The most obvious sign is the level of activity and the number of bees out foraging. Bees will come back to the hive fully loaded with nectar, while other bees are leaving to gather still more.

The resultant image is one that is heartwarming to the beekeeper – hundreds of bees flowing in and out of the hive. It truly is a sight to behold.

Associated with all this activity will be a rapid increase in the amount of honey stored. While the prudent beekeeper will avoid disturbing bees too much, it is important to be aware of the potential for swarming.

During the honey flow, it’s possible for a single hive to gain 5 lbs. or more of honey – in a single day!

In short, if bees can make honey through access to nectar and accommodating weather – they will take it!

What Beekeepers Can Do To Help

The honey flow isn’t just a time for beekeepers to smile. It is also a time to be very observant. The honey flow represents a rapid increase in the space bees need in the hive. At a rate of several pounds of new honey per day, a hive with limited space can quickly lead to a colony with thoughts of swarming.

If the colony swarms, it will essentially split in two, with one half leaving the colony for a new home.


An alert beekeeper is aware at all times of the space available in the hive. Expanding the hive by adding boxes is a key decision the beekeeper will make, offering bees more space for the extra honey and thus reducing the chances of swarming.

Aside from a visual check, the weight of the hive will be an important indicator. An increasing number of beekeepers weigh their hives using monitors and the honey flow is associated with a dramatic increase in weight.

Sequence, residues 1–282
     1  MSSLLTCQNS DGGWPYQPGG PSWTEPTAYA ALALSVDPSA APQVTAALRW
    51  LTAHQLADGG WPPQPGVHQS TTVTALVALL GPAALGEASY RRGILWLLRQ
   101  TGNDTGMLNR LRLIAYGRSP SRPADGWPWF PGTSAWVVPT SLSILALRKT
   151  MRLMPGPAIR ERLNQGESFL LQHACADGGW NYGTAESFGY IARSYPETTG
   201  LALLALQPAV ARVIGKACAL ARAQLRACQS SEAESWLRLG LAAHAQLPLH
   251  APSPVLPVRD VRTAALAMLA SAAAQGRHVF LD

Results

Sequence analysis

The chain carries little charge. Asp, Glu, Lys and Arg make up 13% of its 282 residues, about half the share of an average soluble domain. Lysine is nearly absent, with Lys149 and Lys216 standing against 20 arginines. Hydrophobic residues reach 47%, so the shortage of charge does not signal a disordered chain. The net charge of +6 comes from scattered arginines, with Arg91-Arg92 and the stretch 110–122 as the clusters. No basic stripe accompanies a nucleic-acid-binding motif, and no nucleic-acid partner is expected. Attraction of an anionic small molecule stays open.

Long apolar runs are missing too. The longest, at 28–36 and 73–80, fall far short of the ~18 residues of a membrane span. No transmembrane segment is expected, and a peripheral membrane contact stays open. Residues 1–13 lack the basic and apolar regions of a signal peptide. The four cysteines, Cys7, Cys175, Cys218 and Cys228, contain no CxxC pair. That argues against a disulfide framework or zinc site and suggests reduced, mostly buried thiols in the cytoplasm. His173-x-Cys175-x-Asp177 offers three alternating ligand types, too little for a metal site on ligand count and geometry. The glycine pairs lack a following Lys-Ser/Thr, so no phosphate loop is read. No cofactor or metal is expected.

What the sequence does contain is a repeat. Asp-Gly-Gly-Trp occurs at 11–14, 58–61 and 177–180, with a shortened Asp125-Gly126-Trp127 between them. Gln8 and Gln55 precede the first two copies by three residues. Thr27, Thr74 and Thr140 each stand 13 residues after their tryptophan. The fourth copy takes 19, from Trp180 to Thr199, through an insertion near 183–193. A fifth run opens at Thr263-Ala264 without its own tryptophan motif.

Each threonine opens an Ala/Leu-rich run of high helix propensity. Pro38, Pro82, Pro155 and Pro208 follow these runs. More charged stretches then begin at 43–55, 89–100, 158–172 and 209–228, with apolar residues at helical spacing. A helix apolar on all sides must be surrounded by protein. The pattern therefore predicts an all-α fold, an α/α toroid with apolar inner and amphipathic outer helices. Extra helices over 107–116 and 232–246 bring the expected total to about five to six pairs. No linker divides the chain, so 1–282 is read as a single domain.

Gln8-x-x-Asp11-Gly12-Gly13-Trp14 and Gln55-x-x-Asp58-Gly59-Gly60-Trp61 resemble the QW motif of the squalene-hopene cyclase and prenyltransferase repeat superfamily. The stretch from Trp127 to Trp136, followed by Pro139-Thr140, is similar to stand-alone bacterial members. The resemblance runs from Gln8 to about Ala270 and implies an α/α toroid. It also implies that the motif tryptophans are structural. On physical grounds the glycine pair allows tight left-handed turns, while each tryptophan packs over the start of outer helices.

In a more proactive sense, beekeepers can plant flowers intentionally chosen to bloom in a staggered manner throughout the seasons. Doing this doesn’t just have the potential to bring weeks of color to your garden, but makes for an extended honey flow, as bees move from one type of flower to another for their nectar fix!

Done well, the beekeeper – and bees – can enjoy and extended and beautiful series of honey flows.

9 thoughts on “Understanding The Honey Flow”

  1. I had bees for my first time last summer. I was amazed at how fast the bees could draw out comb and fill it with honey. Honey flow in my area lasted till mid July.

  2. Molly, Congratulations on your new venture! You have a lot of fun to look forward in the coming season. Because I am not familiar with your part of the country it would be hard for me to say just how much honey you can expect and therefore how much equipment to have. Here are a couple things to keep in mind though. In your first season you should temper expectations for honey. Its easy to get excited about it, but sometimes beginners remove too much from the hive the first season and don’t leave enough for the bees. Over the coming seasons its probably best to let experience (and local beekeepers) guide you in how much honey to take or leave in the hive.